Snyder is sitting in a leather chair in the wood-paneled study of the impressive home he bought for $1.9 million in 1995 in a wooded section of Bethesda. We talk for more than two hours, but he frequently pops up out of his seat to answer the phone--or just to pace around the room.

"I like to walk around. This makes me nervous," he says. What makes him uncomfortable is visiting a place he usually chooses to avoid: the past. "This is a lot of stimuli," he says. "These are weird memories."

It doesn't seem very weird. It all begins and ends with the Redskins and the Snyder family. Throughout his spacious home are framed memorabilia of his struggles and triumphs in business and in football, but there is a virtually equal number of family pictures and keepsakes. Snyder's eyes brighten when he talks about Gerry and Arlette. "My parents had such a great effect on my life. They could have said, 'You gotta graduate college! Why do this crazy business idea? You're gonna ruin your life, blah, blah, blah.' But they didn't. They were very much 'Do what's in your heart.' "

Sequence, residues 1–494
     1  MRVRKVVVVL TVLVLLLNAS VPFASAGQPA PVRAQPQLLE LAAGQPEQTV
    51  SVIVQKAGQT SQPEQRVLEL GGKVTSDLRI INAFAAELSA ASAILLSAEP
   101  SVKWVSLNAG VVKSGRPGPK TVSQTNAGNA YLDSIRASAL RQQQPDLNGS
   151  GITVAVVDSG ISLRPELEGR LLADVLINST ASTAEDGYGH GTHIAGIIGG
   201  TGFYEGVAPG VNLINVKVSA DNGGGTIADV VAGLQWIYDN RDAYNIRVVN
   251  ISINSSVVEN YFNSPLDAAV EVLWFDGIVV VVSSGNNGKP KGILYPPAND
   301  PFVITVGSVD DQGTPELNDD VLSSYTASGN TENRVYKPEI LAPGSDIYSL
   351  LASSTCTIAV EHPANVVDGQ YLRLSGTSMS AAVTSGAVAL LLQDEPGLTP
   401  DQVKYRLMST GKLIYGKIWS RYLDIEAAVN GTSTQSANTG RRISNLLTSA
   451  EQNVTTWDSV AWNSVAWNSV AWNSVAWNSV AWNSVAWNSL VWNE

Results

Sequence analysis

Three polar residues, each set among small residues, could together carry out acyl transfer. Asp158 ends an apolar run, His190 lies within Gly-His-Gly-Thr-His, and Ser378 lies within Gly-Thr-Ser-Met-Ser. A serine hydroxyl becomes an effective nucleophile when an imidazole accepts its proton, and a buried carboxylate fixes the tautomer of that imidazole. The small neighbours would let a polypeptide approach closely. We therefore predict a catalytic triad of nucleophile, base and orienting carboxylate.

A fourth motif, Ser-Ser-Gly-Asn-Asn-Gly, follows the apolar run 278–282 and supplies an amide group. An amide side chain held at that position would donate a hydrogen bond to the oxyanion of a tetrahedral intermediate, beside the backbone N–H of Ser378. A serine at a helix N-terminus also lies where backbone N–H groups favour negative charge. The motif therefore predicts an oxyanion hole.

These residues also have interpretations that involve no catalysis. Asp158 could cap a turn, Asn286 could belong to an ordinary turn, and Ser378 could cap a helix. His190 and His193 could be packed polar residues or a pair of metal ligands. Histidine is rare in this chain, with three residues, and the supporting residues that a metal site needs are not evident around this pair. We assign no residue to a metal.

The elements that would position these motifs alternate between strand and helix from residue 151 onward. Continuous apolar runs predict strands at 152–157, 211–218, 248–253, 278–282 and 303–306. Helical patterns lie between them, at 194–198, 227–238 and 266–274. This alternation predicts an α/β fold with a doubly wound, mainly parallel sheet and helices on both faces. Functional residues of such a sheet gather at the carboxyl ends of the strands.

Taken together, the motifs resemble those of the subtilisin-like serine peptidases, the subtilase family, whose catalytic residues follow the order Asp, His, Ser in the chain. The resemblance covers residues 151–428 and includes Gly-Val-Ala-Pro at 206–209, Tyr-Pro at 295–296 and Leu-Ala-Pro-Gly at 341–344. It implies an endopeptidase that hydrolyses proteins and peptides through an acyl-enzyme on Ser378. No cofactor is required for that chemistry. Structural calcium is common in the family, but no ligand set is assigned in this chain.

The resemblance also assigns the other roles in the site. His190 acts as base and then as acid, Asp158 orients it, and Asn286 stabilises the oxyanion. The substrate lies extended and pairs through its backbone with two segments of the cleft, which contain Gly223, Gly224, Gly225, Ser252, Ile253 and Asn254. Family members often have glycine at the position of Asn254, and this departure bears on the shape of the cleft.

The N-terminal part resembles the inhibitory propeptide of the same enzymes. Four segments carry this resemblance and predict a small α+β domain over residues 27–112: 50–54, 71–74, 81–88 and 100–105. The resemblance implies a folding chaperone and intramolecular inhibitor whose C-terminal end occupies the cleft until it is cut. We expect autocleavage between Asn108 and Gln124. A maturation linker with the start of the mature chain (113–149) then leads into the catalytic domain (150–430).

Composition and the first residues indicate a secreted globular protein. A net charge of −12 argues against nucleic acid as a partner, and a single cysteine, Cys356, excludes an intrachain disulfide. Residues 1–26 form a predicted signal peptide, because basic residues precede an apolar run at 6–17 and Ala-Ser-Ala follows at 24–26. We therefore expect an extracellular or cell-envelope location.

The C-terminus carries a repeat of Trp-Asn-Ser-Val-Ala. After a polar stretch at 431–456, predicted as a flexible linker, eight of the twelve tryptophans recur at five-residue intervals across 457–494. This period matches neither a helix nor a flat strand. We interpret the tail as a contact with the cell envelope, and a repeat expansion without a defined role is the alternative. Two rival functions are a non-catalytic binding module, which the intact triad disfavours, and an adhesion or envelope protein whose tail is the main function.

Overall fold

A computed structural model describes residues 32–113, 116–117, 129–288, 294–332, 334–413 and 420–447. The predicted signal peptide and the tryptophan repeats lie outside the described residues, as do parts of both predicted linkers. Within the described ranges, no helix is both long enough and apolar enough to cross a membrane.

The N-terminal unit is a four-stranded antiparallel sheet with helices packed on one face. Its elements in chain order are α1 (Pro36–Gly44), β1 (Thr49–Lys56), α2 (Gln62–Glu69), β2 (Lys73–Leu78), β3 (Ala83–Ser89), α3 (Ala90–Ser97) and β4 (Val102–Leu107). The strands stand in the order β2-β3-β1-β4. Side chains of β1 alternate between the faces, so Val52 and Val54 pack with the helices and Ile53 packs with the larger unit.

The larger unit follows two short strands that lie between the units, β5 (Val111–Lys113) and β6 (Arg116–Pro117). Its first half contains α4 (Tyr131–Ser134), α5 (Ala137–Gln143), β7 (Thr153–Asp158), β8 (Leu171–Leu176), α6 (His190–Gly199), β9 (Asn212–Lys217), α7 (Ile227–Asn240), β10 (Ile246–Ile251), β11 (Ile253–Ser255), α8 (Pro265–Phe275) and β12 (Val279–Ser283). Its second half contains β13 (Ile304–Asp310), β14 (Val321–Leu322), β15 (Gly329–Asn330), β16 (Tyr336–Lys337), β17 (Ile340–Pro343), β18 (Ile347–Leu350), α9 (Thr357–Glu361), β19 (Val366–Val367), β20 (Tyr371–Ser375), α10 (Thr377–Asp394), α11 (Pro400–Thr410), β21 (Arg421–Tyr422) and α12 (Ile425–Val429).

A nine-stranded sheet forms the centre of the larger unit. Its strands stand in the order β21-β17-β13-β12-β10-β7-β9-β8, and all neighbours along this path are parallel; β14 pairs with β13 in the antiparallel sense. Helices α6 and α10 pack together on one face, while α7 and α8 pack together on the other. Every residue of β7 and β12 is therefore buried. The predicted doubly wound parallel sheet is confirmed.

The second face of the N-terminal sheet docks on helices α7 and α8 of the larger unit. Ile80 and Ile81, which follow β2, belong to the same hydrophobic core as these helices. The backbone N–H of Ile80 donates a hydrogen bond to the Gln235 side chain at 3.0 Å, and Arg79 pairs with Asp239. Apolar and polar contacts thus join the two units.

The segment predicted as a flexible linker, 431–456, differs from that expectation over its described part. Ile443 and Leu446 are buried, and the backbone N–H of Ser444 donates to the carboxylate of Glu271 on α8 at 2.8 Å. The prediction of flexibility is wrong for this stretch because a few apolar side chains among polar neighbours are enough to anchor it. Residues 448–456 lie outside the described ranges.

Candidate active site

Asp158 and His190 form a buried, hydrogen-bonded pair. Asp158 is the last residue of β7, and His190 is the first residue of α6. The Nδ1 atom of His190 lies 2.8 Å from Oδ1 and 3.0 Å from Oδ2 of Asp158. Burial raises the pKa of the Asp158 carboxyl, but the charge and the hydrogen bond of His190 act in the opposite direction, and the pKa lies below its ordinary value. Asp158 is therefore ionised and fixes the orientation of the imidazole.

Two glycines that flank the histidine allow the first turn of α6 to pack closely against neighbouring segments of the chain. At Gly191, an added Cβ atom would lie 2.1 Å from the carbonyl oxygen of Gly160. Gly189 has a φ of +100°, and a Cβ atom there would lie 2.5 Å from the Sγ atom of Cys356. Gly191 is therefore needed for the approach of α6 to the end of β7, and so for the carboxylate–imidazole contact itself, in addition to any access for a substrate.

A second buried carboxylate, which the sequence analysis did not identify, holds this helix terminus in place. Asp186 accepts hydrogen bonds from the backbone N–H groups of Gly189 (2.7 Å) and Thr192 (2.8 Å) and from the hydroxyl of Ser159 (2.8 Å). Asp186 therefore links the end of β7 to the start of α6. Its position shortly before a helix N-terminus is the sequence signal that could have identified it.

And what was in his heart, ultimately, was the Redskins. The Snyders in the early 1960s had a black-and-white television and Danny watched the Skins play as early as age 2. But one autumn day when he was 6, his father took him to see the real thing in vivid color; the vast green of the playing field, the burgundy and gold, the whole spectacle and pageantry of it all. "The fact that my father took me, and we at the time were not financially that successful; we went to a game and I don't know how he got tickets. And it was just the whole experience. The NFL! A Redskins game!